Who killed Edward Okeny?

Portland police ignore a stone-cold mystery
By RICK WORMWOOD  |  December 5, 2007

NEWfeat_okeny_face
Edward Okeny

Media silence
During the 18 days Edward Okeny lay comatose in a hospital bed, the Portland Press Herald did not publish a single word about him. Several people contacted the paper to object.

“I called (columnist) Bill Nemitz and I said that I’m surprised that this guy could die on Friday, and here it was Tuesday and there had been nothing in the paper,” says Bill Slavick, local activist and recent independent candidate for the US Senate. “Portland isn’t Boston or New York. If someone has their head beat in on the streets, that’s news.”

Edward Lakoke, an Okeny family friend and spokesman, echoes that complaint. “We do see a lot of things that happen in different parts of Maine on the news. In Portland, there are very minute things that are always on the news,” Lakoke says, noting his surprise that Okeny’s death went unmentioned.

“My understanding is that it wasn’t something that showed up in our police logs,” Nemitz says, when asked about the delay. “My sense is that was because there were a lot of questions about what actually happened, and that the police weren’t treating it as a definite assault.” Nemitz confirms speaking to Slavick, and fielding complaints about the Press Herald’s inattention, but deferred other questions to the Press Herald’s top editor, Jeannine Guttman, who did not return calls seeking comment.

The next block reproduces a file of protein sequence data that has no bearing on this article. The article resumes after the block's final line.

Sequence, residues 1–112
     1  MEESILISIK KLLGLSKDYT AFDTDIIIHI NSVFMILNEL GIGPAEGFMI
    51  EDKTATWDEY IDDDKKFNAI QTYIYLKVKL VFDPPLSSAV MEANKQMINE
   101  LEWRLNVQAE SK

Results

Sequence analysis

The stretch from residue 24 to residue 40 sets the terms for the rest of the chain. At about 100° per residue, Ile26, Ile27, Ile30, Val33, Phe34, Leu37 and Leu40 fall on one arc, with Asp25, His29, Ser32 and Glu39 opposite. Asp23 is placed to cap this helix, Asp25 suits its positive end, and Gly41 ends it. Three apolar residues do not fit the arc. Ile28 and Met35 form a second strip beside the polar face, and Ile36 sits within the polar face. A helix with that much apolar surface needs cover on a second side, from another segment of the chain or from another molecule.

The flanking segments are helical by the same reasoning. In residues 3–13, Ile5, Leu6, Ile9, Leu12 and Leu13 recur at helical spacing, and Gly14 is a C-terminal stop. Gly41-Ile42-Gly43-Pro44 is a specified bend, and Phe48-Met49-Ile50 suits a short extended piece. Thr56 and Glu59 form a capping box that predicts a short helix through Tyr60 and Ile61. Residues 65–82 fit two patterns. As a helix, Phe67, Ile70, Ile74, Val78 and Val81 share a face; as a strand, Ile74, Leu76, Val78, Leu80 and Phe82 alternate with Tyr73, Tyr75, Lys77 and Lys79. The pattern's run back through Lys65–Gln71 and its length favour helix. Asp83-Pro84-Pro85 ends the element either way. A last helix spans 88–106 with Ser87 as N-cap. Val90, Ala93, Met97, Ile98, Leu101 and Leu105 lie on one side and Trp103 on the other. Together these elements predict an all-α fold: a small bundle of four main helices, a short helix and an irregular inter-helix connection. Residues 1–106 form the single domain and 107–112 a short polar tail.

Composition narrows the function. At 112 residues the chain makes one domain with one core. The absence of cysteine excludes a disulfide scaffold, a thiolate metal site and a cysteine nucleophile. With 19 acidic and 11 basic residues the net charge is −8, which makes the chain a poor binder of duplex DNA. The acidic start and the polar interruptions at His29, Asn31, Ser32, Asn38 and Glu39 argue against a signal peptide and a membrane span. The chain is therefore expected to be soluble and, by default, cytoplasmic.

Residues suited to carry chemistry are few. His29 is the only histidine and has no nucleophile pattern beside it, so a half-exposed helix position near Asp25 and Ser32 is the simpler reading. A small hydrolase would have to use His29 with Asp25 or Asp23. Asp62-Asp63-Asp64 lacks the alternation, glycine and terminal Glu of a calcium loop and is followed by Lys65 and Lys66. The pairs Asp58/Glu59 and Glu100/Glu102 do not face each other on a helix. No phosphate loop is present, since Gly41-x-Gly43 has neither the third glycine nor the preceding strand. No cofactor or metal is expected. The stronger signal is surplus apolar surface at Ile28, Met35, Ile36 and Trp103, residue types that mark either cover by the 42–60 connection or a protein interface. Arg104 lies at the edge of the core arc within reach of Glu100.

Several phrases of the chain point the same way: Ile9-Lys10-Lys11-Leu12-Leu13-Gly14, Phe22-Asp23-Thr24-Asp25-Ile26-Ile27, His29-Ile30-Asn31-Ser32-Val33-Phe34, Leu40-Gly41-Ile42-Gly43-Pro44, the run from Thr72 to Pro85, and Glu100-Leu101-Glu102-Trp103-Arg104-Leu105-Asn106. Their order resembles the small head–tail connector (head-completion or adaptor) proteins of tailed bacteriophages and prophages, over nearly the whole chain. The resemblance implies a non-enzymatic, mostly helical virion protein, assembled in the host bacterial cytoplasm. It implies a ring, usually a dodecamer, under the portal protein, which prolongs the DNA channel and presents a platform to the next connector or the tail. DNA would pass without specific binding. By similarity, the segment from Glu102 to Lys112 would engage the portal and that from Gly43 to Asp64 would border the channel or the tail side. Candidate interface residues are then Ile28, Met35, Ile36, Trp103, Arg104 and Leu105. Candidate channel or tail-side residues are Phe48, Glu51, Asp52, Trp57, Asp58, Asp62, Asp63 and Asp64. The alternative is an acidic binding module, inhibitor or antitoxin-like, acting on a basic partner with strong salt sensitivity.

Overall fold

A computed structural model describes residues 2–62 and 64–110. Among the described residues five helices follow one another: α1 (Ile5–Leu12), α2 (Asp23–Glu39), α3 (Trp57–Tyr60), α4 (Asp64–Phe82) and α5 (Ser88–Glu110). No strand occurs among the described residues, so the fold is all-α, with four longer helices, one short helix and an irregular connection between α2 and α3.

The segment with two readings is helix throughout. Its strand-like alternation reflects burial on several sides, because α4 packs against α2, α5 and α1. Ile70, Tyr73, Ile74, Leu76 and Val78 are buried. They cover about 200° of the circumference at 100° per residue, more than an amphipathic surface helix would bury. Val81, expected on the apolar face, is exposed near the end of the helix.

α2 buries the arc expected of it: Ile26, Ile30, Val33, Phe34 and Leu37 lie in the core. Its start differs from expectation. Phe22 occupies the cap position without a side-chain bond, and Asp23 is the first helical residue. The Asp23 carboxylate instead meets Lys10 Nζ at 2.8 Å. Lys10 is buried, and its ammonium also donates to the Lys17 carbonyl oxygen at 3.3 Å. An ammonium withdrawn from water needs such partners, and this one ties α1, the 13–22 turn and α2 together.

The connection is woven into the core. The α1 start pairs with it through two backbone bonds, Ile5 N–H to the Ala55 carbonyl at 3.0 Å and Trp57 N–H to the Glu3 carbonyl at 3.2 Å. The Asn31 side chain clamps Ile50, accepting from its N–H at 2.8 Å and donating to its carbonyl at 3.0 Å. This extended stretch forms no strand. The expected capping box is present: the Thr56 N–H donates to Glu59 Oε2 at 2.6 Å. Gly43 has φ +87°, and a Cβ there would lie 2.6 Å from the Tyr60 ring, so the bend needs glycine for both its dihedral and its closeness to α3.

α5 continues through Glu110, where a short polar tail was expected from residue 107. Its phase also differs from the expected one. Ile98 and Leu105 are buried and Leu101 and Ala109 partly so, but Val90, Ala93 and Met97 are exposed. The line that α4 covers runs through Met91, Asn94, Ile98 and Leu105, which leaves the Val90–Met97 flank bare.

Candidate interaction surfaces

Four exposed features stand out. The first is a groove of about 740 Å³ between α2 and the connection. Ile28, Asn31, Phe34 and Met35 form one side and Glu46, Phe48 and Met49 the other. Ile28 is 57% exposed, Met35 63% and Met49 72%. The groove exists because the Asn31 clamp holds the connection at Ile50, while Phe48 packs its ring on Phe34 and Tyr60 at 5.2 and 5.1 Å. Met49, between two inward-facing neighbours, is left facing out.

And when the paper finally acknowledged Edward’s plight (with a 173-word news brief on November 15, followed by a Nemitz column the next day), there was no satisfaction, because the family felt like it only happened because of the complaints. “We called the newspaper,” Edward’s brother Chris Okeny said, “that’s why they came.”
_RW

When members of Portland’s Sudanese community gathered at the Cathedral of the Immaculate Conception on November 16 to lay to rest 26-year-old Edward Okeny, the church was filled with more than just their collective grief and the hauntingly beautiful renditions of hymns sung in the harmonic call-and-response style of their homeland. Also in the air and on the tongues of the assembled were some unsettling questions, the answers for which seemed nowhere in sight: What had happened to Okeny, who had been found on the street with an empty wallet and a fractured skull? Had he somehow fallen to his untimely death, or was he murdered?

Compounding these troubling concerns were doubts about the wider community’s interest. The most prominent media coverage of the attack was in the twice-monthly West End News, in a short brief written by police reporter Margery Niblock. The Portland police hadn’t sought help from the public, instead hoping that a grievously injured man would emerge from a coma and explain everything.

Edward Lakoke, an Okeny family friend and spokesman, summed it up at the end of the eulogy: “Eddie left us with more questions than answers.” What happened to him the night of October 20 was — and is — a stone-cold mystery.

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